Ballet buddy Barb and I went to see the National Ballet of Canada’s premiere of Streetcar Named Desire, with book club mate Helen.
Now, Barb and I are both English Lit grads (and Barb has her MA and wrote her thesis about Tennessee Williams), so we feel we are pretty well-positioned to judge a Tennessee Williams’ adaptation.
And I get that Neumeier’s ballet isn’t a strict adaptation of the play. That would be impossible. It’s his take on the themes and characters, translated to dance.
I just didn’t think it worked. The ballet is pretty much a glimpse into Blanche Dubois’ tortured mind. It’s flashbacks and feelings, very haunting and ethereal (esp. Act I). But that results in a narrative and plot that are both weak. And with the canned music (why no live orchestra? I now realize the live orchestra is about 49% of what I love about ballet), it was flimsy, fluttering and slow to progress. I felt many of the dance pieces dragged. (Although the raunchy sex scene between Stanley and Stella at the beginning of Act II was very hot. Mature content, indeed, the posters at the entrance door warned.)
Barb’s take is that the play is just too complex to translate into ballet. Maybe that’s it. Or, this particular ballet translated a brilliant play into a mediocre and diluted dance.
I don’t think popular opinion agrees with me, but I gotta call them as I see them.
Nevertheless, bravo to NBC for tackling it. And I was delighted to see that the Four Seasons was pretty much sold out for this performance.
Check it out. Makes mine look like it was scrapbooked by a second grader.
Possibly my favourite post so far (I even tweeted about it):
Please read if you need a laugh.
And his views on politics are always a good read:
Clear jeans are just wrong.
I’m not really sure which are worse – the entirely clear jeans, or the clear knee jeans. Obviously the clear jeans are absurd (or dumb, as GFY says), and anyone who wears them is beyond salvation.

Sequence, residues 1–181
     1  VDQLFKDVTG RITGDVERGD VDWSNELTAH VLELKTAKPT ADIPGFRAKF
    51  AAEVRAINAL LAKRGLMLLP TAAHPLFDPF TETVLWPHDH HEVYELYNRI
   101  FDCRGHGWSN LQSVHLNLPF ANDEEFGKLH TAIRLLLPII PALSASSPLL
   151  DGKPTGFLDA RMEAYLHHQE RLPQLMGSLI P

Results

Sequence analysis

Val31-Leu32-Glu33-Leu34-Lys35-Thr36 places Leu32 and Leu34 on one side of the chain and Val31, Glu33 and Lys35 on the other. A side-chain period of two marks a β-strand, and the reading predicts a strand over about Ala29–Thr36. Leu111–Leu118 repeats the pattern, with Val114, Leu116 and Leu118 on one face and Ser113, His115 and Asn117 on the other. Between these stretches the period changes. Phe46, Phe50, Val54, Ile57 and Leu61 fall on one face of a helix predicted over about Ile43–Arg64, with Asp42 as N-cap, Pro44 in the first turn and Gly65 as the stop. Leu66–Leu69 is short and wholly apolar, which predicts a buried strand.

But … there may be some people who think the clear knee jeans are bordering on wear-able. And they aren’t. That may be even worse.
This is why I like how girls write and what girls write. They write intelligently, they write strategically, they write honestly.
And sometimes they write vindictive, they write mean. And it’s fun.
They do NOT transcribe.
And out of their tiny minds.
No, really. And this:
I’m just embarrassed for any woman of any age who buys clear knee jeans. Dear God.
The bus shelter in front of my office building has carried this Holt Renfrew ad for the past several weeks. I cringe in embarrassment every time I walk by it:
Any woman who thinks that this ridiculous outfit – what is apparently a swim suit, under a trench coat, with 6″ pink platform heels – is appropriate for any conceivable kind of event, be it party, beach, backyard, workplace, or even Halloween, is out of her mind.
Is this an indictment on the advertising world, that they think women are so gullible as to wear preposterous costumes like this? Or is it an indictment on women because, let’s face it, some gal somewhere must be forking out real $$ for this shit.
So ends my little rant.
Her essay The Lost Strudel from I Feel Bad About my Neck. I read this very short piece on the subway one morning, years ago, and laughed out loud. And then re-read it immediately.
I’ve had a craving for cabbage strudel ever since (which objectively sounds disgusting), but I’m a bit afraid to try it, since it likely won’t live up to Nora’s praises (even Nora had trouble meeting her own expectations of strudel). And then I’d just be disappointed. I’m sure Nora would tell me that’s not a healthy way to go through life (were she still with us).
I especially admire the line “I dropped Ed Levine’s name so hard you could hear it in New Jersey.”
Nora Ephron’s tribute to Meryl Streep. Brilliant, funny – and her delivery is impeccable. The crowd is mesmerized — when she talks about going into Meryl’s trailer at the end of her tribute, the entire audience of celebs and self-important people hang on her every word:
Plus – what a great outfit, right?
Nora Ephron’s tribute to Mike Nichols (only Nora can make a really bad pun hilarious):